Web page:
Monday, August 22, 2005


"It is the writer's privilege to help man endure by lifting his heart, by reminding him of the courage and honour and hope and pride and compassion and pity and sacrifice which have been the glory of his past. The writer's voice need not merely be the record of man, it can be one of the props, the pillars to help him endure and prevail."
William Faulkner (1897- 1962) Speech upon receiving the Nobel Prize, Dec 10, 1950.

There comes a time in everyone's life (even our fictional characters') when we must face danger and confront the 'dragons' that threaten us. I'm heading for a place in my novel, a huge crisis which will ultimately threaten to destroy Alexander the Great's empire. How will my characters react when faced with this peril? Will they turn and run? Or will they ride out bravely and slay the 'dragon'?

In the last chapter segment, Polyperchon, the Regent of Macedon, has called upon his friend Commander Kronos, and confided in him about the dilemma he must face. Will there be a war or can a peaceful solution be found?

While they dined, their conversation did not stray far from the interests of all military men. Kronos questioned Polyperchon regarding the Greeks.
"I thought I could win the whole of Greece to my side by proclaiming liberty and offering to support them to overthrow the oligarchies," Polyperchon admitted ruefully. "I should have dealt with those accursed Athenians straight away but I believed truly that they would accept my peace-offering. Instead it seems they are showing their backsides in defiance."
Kronos asked which city states were included in the uprisings. How had he learned of Kassandros' conspiracy?
Polyperchon looked regretfully at his dinner plate and confessed that he had put too much trust in Kassandros. "I thought him a braggart, something of a madman, but never a traitor. I should have had him removed immediately after Antipater died, but what scandal would there have been if I'd done this during his father's mourning period?"
"Gods!" Kronos muttered. "What has besotted your mind? We all knew not to trust him! My opinion, since you asked it, is to seek a compromise, otherwise it's too late for anything except all-out war."

The conversation continues. Polyperchon outlines his plans to Kronos.

"I must preserve the peace in Philip and Alexander's names," Polyperchon said. He stood, and began to stride the room. "I will have to deal with the traitors straight away."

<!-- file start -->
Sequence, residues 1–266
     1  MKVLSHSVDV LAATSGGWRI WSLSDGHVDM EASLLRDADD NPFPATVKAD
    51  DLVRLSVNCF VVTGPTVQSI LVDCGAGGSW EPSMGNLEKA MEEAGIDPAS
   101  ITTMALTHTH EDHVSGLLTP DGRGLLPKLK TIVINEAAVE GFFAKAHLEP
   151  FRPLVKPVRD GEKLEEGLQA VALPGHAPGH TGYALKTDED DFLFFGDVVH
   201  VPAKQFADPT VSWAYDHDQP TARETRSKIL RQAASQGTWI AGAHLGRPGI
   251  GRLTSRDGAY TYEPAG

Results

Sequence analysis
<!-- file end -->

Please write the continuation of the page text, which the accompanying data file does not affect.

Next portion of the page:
"Kassandros' brother, Nikanor?"
"Nikanor is away at the northern border inspecting garrisons. Now he's under the protection of Kassandros' faction I won't be able to touch him without creating more conflict. Because the Antipides are the most powerful clan in Macedon, if any of Kassandros' clansmen are harmed it will surely cast us into a civil war."
"Who will you deploy to Greece in command of the advance force?" Kronos asked.
"My son Alexandros. He's the one I can trust more than any other," Polyperchon said. "And I will go myself to meet with Phokion."
Their conversation was interrupted when the youth, Drakon, came with a plate of figs and walnuts. He saw the boy pause furtively as he set it down on the table, his ear obviously turned to listen in on their discussion. Polyperchon waved him away. The squire glanced back at him with an insolent look. Polyperchon frowned. He must take the boy aside later, admonish him for eavesdropping, remind him that anything said in the confines of the Regent's quarters was not to be repeated outside. This was a royal squire's sacred trust.
He sat on his chair, his arms folded, and said confidently. "The traitors will be dealt with swiftly. Kassandros must be punished for his hubris."
Kronos put down his knife and leaned across the table. "Polyperchon, take care!" he said.
"Cut off the serpent's head and the body will die," Polyperchon replied bluntly.

Because I am writing from a historical plot, I already know the outcome, although the way each character reacts to the situation is my own interpretation. I know that I am taking them step-by-step into a situation that will eventually lead to tragedy. What would have happened, though, if Polyperchon had reacted differently, if he had been the powerful Regent that his predecessor Antipater had been? Would that period of history be changed?

While I ponder the next moves my characters must make, I am feeling somewhat distracted. A week ago I found out that my dear friend (someone I am so very fond of) is in the hospital fighting a dragon of his own...Cancer. He's putting up a brave fight, and we, his friends, are there to support him with prayers and positive thoughts. We had a long, beautiful talk on my last visit, just like we used to. He asked me if I thought he was going to make it.
"Yes," I said. " Of course you will! This man is a survivor. He must believe, live in hope, that soon he will be well again. We must all believe that, and never give up the fight. Prayer and faith and hope are the best ways to slay this dragon.

"Offering dragons quarter is no good,
they regrow all their parts & come on again,
they have to be killed."
John Berryman 1914 -1972 "Henry's Program for God" (ibid 316)

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